8. 8. 309-296-1 Ford’s Bumpy Market Share: A Marketing Makeover? Ford Thunderbird, introduced in 1954 won the hearts of millions of people who appreciatedinnovative styling and design. Impressed by the design, the then newly elected President John F.Kennedy in 1961 showed his passion for the car by including 50 of them in his inaugural procession.Despite creating a lot of interest by dealer networks, the model Edsel Ford which was introduced in1957 performed disastrous and marketing professors termed it as ‘the titanic of automobiles’.21 In1957, Ford unveiled a nuclear powered automobile – the concept car– Ford Nucleon, which had asleek futuristic look, emitted no harmful vapours and offered incredible fuel mileage far beyond thatof the most efficient gasoline cars ever built. The production of Ford Nucleon, did not materialise asit never went into production, but it remained as an icon of the atomic age of the 1950s. Ford’s Mustang a ‘muscle car’ introduced in 1964 at the New York’s World’s Fair drew throngs toshowrooms across the country. Lee Iacocca, the then general manager of Ford Division personallyconvinced Henry Ford II and a sceptical financial division of the company to approve the plan ofrelatively inexpensive sports car concept targeted to win younger customers. The initial start-up costswere a mere $75 million due to the incorporation of the existing Falcon engine, transmission and axlewhich expected to give a high return on investment. Before the launch of Mustang, a huge amount ofmarket research had been carried out examining the mood of the buyer and the pay-off for thisattentiveness to market trends was an all-time sales record. The car had a price tag of $2,320 abouthalf the price of Chevrolet Corvette and was offered in six colours. Mustang featured in several JamesBond thriller movies like Goldfinger (1964), Thunderball (1965) and Diamonds are Forever (1971).In its 35 years of history, more than 6.9 million Mustangs were sold in the US. US automobile industry, in particular Sloanism consciously steered the automobile design, productionand marketing strategies from core product to augment level, optimally utilising the economical andcultural changes of US society. Ford found no alternative but to follow the market leader since late1920s. US automakers augmented automobiles with features like added power, electric starters, air-conditioners, power steering, V8 engines, and so on. The price of gasoline was so affordable thatcustomers cheered powered and stylistic automobiles. High profitability and huge pent-up demand forautomobiles during mid- 20th century attracted European and Asian automakers to enter the USmarket. Responding to the new breed of compact cars imported by foreign automakers, in particularthe Japanese automakers, the ‘Big Three’ quickly changed their designs. In retaliation to Japanese small efficient cars, Ford along with GM and Chrysler launched compactsas ‘60s models – Ford Falcon, Plymouth Valiant and Chevrolet Corvair’. But the quality and reliabilityproblems (Exhibit III) of the ‘Big Three’ compacts were so severe that it resulted in a consumerbacklash embodied by Ralph Nader’s book, Unsafe at any Speed. Despite the growing concern forsmall efficient automobiles, the ‘Big Three’ were convinced that Americans would always love bigand powered vehicles. Though the scale of operation was limited, the sales growth rate of Honda,Toyota and Nissan surpassed the ‘Big Three’.21 Haig Matt, “Brand Failures The Truth about the 100 Biggest Branding Mistakes of All Time”, books?id=6o7SrLdgx8gC&pg=PA16&lpg=PA16&dq=Ford+ Edsel+The+Titanic+of+automobiles&source=bl&ots=tcRjat7VtK&sig= PDh_AsTj2xHYkuKtGHy7SV_AABc&hl=en&sa=X&oi=book_result&resnum=1&ct=result#PPP1,M1, page 16 www.ibscdc.org8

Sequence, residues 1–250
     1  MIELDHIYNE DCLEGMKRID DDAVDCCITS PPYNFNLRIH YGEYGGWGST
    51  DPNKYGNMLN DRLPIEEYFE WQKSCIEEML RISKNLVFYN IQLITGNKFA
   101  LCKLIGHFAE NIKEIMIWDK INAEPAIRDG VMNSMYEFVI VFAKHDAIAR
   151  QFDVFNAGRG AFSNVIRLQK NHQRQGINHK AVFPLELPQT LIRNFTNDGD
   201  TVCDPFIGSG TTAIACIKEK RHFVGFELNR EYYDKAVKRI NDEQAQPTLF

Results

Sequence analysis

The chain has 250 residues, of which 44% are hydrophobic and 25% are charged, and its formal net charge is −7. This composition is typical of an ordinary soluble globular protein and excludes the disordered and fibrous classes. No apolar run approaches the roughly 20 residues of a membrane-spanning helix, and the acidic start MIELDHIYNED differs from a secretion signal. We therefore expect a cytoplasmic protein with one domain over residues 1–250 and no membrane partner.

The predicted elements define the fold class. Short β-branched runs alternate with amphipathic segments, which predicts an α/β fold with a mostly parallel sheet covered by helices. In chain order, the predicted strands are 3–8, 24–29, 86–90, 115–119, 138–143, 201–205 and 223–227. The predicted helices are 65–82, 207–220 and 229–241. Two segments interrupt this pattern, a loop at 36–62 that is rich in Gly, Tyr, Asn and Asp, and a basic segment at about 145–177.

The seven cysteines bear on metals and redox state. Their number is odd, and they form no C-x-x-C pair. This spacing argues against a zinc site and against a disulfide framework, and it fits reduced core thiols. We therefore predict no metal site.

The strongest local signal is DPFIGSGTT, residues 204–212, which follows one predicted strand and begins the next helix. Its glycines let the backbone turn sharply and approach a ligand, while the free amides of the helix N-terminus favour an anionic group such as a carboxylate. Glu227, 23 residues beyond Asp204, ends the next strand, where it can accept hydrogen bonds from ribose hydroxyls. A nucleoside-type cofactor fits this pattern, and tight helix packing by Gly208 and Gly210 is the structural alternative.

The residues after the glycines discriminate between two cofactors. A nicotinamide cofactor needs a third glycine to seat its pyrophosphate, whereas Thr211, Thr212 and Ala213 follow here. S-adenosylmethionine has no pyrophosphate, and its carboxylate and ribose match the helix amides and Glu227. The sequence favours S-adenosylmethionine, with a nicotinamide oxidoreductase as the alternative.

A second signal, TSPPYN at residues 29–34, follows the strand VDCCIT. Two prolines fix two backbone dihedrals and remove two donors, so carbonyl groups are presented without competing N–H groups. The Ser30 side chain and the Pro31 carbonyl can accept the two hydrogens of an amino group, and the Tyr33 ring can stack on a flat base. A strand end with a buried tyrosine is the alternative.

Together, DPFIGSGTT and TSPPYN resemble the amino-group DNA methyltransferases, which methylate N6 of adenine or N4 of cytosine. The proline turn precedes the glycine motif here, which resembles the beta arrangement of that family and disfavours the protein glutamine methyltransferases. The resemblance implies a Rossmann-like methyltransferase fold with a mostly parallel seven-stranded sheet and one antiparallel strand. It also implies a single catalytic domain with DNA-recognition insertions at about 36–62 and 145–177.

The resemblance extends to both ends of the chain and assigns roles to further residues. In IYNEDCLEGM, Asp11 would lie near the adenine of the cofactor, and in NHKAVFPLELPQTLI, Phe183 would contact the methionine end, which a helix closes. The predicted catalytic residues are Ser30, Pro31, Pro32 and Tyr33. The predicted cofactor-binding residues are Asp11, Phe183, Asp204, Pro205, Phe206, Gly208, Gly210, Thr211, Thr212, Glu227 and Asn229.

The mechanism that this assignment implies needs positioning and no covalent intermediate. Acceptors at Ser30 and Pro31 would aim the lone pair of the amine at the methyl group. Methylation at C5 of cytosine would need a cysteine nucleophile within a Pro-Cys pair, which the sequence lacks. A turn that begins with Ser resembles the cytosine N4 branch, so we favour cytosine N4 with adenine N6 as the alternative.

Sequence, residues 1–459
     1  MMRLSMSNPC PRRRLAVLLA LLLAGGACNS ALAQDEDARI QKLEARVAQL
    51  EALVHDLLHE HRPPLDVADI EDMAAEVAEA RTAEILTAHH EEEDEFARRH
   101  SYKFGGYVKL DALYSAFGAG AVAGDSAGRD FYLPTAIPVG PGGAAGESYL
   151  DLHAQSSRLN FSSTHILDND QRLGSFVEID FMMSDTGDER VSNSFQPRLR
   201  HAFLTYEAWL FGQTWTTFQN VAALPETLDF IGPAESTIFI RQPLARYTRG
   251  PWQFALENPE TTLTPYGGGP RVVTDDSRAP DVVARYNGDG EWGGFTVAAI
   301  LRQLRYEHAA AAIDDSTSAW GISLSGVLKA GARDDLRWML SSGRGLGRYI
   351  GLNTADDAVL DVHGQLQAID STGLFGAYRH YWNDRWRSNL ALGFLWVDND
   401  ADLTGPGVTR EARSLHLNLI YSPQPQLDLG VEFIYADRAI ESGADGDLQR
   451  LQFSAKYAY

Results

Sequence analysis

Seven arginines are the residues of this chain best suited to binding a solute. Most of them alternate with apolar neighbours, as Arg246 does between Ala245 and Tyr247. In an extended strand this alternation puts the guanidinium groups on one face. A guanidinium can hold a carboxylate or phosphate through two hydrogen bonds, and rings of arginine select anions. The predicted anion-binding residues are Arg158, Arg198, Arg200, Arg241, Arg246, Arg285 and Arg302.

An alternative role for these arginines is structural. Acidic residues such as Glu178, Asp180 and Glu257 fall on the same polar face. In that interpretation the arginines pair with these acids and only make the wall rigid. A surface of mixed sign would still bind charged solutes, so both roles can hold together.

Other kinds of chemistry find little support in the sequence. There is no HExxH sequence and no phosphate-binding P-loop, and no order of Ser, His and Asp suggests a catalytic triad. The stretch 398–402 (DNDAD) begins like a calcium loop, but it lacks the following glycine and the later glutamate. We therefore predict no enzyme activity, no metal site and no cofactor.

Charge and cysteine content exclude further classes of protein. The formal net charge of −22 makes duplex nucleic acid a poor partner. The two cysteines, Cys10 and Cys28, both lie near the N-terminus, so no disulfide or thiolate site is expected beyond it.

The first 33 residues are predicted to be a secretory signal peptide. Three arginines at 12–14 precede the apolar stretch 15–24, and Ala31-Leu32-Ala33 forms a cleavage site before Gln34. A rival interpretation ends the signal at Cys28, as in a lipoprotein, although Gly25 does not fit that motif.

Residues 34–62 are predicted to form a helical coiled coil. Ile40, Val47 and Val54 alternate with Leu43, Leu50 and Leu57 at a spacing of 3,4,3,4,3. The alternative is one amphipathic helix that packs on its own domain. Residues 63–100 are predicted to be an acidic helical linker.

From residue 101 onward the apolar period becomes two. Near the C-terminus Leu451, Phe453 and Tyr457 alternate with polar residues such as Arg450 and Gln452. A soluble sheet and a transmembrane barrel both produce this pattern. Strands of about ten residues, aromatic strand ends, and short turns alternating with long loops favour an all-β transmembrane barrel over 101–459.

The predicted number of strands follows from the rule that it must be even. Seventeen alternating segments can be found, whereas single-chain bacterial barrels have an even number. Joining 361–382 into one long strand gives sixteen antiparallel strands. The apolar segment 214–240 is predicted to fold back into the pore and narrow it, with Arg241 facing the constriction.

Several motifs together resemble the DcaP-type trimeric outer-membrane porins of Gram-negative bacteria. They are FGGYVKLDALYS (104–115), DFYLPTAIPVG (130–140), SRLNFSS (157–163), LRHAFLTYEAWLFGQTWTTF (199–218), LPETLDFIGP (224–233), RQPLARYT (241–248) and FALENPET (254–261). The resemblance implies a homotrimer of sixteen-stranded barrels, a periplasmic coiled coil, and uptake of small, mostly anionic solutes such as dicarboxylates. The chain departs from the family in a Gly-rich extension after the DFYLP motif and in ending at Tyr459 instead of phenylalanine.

9. 9. 309-296-1 Ford’s Bumpy Market Share: A Marketing Makeover? Exhibit III Market Data of Automakers (1975–1989) Company name Average Annual Unit Sales Unit Sales Growth Rate Average Predicted Reliability* GM 1,505,671 0.029 1.81 Ford 1,063,240 0.006 2.54 Chrysler 684,969 0.048 2.63 Toyota 500,984 0.081 4.97 Nissan 397,092 0.061 4.28 Honda 429,848 0.242 4.63 Average 763,634 0.078 3.48 * 5 – Much better than average, 4 – Better than average, 3 – Average, 2 – Worse than average, 1 – Much worse than average Source: Yang Ling, “The US Passenger car Industry in the 1980s”,, page 6 “In the 1970s, as the oil price quadrupled, the industry found itself under attack fromenvironmentalists outraged by its products’ gas-guzzling habits.”22 The aftermath of gulf crisis during1970s pushed Americans into buying cars based on fuel efficiency rather than social class appeal. Asthe oil crisis ended, demand pattern witnessed a swift change and it was the Japanese automakerswho were best positioned to take advantage of the need for smaller cars, because of their quality andfuel-efficiency. The need for small, efficient cars compelled US automakers to quicklyre-tool their strategies in order to meet new demand. Ford, which had a 19.6% of world market sharein 1965 declined to 12.4% in 1975 (Exhibit IV). Exhibit IV Market Shares in the World Automotive Industry (%) Producer 1965 1975 1979 General Motors 30.9 19.0 21.8 Ford 19.6 12.4 12.4 Chrysler 9.6 7.8 3.4 Volkswagen 7.3 4.5 5.3 Renault 3.0 5.3 4.6 Peugeot 1.4 3.0 8.3 Fiat 5.3 4.6 4.2 Toyota 2.5 7.3 7.4 Nissan 1.3 6.7 5.7 Source: “The Competitive Status of the US Auto Industry: A Study of the Influences of Technology in Determining International Industrial Competitive Advantage”, http:// books. in/books?id=3WUdrhW664UC&dq=The+Competitive+Status+o f+the+US+Auto+Indust ry:+A+ Study+of+the+Influences+of+Technology+in+Determining+International+Industrial+ Competitive+Advantage&printsec=frontcover&source=bl&ots=UFiNsLDecP &sig=PIuQRsFQaouJs4SwriT9xaFfR8g&hl=en&ei=UO-wSb_cEM-_kAX9_Z29BA&sa=X&oi=book_result&resnum=1&ct=result#PPR1,M122 Glauser C. Earnest, “The Toyota Phenomenon”, www.ibscdc.org9